Respondents consider a reduction in corruption, an increase in Ukrainians’ well-being, and more efficient use of budget funds to be the reforms’ most important consequences. In the open part of the question (the answer “other” next to the proposed options), the respondents indicated “defense capability.”

For people aged 18 to 24, the most crucial reform outcomes are reduced corruption and more efficient use of budget funds. For respondents from age groups over 24, increasing the well-being of Ukrainians is more important than more effective use of budget funds.

What should be the most important reform outcome? (in %, respondents could choose up to three answers)

Nearly 40% of citizens are ready to withstand financial difficulties linked to the reform process for no more than a few months. Overall, every third respondent is unwilling to endure financial hardship during the reform process, and only 1% of respondents are prepared to hold out as long as it takes.

Willingness to withstand financial difficulties during the reform process (in %)

Regarding organizational difficulties of the reform process, most Ukrainians (48.4%) are ready to carry on through them for several months, and nearly a third (27.2%) are not prepared to endure them. This distribution remains virtually unchanged by gender or age.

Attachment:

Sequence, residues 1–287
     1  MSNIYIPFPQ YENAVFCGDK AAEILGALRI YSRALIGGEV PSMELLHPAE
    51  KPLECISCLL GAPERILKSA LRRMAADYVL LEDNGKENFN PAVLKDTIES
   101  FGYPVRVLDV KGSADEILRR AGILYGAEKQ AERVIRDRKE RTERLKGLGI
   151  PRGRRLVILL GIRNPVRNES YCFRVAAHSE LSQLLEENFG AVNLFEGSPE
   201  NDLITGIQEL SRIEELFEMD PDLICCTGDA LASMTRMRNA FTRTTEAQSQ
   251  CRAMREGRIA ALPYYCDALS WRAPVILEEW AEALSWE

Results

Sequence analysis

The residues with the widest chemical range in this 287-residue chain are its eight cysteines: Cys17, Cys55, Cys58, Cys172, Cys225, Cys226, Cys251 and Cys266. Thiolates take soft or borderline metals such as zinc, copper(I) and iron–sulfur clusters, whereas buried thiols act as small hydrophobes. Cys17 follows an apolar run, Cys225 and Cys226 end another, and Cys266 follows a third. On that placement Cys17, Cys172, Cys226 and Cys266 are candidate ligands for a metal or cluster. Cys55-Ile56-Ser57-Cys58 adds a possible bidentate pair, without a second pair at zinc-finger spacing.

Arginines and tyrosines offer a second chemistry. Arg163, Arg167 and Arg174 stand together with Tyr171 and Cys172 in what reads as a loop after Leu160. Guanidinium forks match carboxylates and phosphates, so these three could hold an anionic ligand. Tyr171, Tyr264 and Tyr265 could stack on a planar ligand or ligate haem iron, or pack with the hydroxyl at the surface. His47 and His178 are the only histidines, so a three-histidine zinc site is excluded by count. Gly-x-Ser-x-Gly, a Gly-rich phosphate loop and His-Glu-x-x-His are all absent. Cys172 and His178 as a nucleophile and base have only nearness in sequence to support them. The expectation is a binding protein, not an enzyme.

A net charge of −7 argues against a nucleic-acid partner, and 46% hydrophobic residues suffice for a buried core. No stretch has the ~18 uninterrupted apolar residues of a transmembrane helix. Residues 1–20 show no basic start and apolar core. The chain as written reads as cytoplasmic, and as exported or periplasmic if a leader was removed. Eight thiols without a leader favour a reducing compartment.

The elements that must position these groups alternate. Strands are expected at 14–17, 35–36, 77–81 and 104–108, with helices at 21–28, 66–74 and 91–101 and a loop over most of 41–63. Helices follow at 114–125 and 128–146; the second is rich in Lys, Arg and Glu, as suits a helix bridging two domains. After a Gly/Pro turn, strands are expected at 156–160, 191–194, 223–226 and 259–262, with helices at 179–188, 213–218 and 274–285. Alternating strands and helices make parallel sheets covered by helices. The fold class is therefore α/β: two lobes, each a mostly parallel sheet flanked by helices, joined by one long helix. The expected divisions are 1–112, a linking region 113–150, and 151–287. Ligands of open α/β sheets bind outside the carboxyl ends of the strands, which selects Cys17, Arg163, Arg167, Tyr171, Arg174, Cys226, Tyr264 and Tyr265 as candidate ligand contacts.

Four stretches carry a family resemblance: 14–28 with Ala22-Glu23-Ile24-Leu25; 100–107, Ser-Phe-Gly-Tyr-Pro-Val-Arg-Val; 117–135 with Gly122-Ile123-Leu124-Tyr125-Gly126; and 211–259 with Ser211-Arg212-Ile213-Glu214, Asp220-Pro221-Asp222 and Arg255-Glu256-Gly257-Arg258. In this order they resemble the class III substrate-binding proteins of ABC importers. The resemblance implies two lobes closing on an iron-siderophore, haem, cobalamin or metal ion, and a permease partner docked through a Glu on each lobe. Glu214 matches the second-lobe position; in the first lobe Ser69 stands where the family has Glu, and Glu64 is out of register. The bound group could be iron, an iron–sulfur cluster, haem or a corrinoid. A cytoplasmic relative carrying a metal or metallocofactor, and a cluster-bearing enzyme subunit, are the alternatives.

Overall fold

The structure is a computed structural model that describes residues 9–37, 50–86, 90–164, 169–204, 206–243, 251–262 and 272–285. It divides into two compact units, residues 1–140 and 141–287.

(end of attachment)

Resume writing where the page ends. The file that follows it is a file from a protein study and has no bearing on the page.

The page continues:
The respondents’ willingness to tolerate the rawness of new rules (organizationaldifficulties) during the reform process (in %)

Obstacles on the path of reforms

The survey participants consider the opposition from those interested in preserving the current state of affairs to be the main obstacle to reforming the country (66.9% of respondents). Less than half (46.4%) of respondents think a lack of political will is the chief obstacle to reforms. Every third of those surveyed believe citizens’ inertia is an obstacle to reform (29.8%).

The main obstacles on the way to reforming Ukraine (in %, respondents could choose up to 3 answers)

Appendix. Survey results